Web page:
Hospital Refused to Allow Male Nurse to Wear Long Hair as Part of Religious Practice, Federal Agency Charged
SAN JUAN , Puerto Rico – Hospital Español Auxilio Mutuo de Puerto Rico, Inc. , a San Juan hospital, will enter into a three-year consent decree and pay $50,000 to resolve a religious discrimination and retaliation lawsuit filed by the U.S Equal Employment Opportunity Commission (EEOC), the agency announced today.
The EEOC’s lawsuit, filed in Federal District Court in San Juan, (EEOC v. Hospital Auxilio Mutuo, Case No. 09-1797 [DRD]), charged that the hospital refused to accommodate the religious beliefs of Javier Gonzalez-Torres, a registered nurse. Gonzalez-Torres told the hospital that he could not cut his hair because of his religion, Santeria. The hospital refused to allow him to wear his hair long, even though the hospital has a policy allowing female employees to wear their hair any length, the EEOC said. Further, the EEOC said, the hospital retaliated against Gonzalez-Torres by firing him after he complained about the discrimination.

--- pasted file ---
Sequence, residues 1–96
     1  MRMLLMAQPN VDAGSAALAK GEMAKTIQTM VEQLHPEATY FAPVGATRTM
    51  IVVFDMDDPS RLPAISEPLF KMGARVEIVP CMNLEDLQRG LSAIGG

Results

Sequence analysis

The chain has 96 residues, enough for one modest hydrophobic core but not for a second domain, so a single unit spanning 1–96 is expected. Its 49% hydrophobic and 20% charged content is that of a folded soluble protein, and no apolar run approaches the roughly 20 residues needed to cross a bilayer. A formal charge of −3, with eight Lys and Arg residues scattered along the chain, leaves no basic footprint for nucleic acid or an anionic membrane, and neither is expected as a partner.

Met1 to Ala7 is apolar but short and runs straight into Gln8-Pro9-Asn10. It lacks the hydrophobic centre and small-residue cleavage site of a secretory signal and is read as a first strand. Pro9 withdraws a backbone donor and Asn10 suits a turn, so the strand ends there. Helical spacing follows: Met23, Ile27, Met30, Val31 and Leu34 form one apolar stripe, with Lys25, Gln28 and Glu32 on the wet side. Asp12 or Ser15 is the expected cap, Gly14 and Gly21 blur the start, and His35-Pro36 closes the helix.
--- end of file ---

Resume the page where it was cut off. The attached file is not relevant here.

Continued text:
Title VII of the Civil Rights Act of 1964 requires employers to attempt to make reasonable accommodations to sincerely held religious beliefs of employees as long as this poses no undue hardship. The EEOC filed suit after first attempting to reach a pre-litigation settlement through its conciliation process.
In addition to monetary damages of $50,000, the three-year consent decree resolving the case includes injunctive relief enjoining the hospital from engaging in religious discrimination; requires the posting of a notice about the settlement; and requires the hospital to conduct training and to report information about religious discrimination complaints it receives to the EEOC for monitoring.
“Employers must reasonably accommodate employees’ religious beliefs and practices, and there is no gender distinction for that,” said EEOC Acting Regional Attorney Michael O’Brien. “Employers must treat all employees equally, regardless of their religious beliefs.”
“The law requires employers to take appropriate steps to assure that employees who complain of discrimination are not retaliated against,” said EEOC Acting Supervisory Trial Attorney Michael J. Farrell. “Employees must feel free to communicate their concerns about discrimination without fear that they will lose their job.”
The EEOC enforces federal laws prohibiting employment discrimination. Further information about the EEOC is available on its web site at www.eeoc.gov .